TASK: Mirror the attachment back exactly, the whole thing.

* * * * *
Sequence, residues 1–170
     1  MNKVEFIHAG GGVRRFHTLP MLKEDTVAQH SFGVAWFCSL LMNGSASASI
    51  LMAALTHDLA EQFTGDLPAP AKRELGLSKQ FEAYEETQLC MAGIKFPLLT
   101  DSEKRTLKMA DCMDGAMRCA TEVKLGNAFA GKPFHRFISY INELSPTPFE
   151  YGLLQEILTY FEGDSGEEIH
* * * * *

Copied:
Sequence, residues 1–170
     1  MNKVEFIHAG GGVRRFHTLP MLKEDTVAQH SFGVAWFCSL LMNGSASASI
    51  LMAALTHDLA EQFTGDLPAP AKRELGLSKQ FEAYEETQLC MAGIKFPLLT
   101  DSEKRTLKMA DCMDGAMRCA TEVKLGNAFA GKPFHRFISY INELSPTPFE
   151  YGLLQEILTY FEGDSGEEIH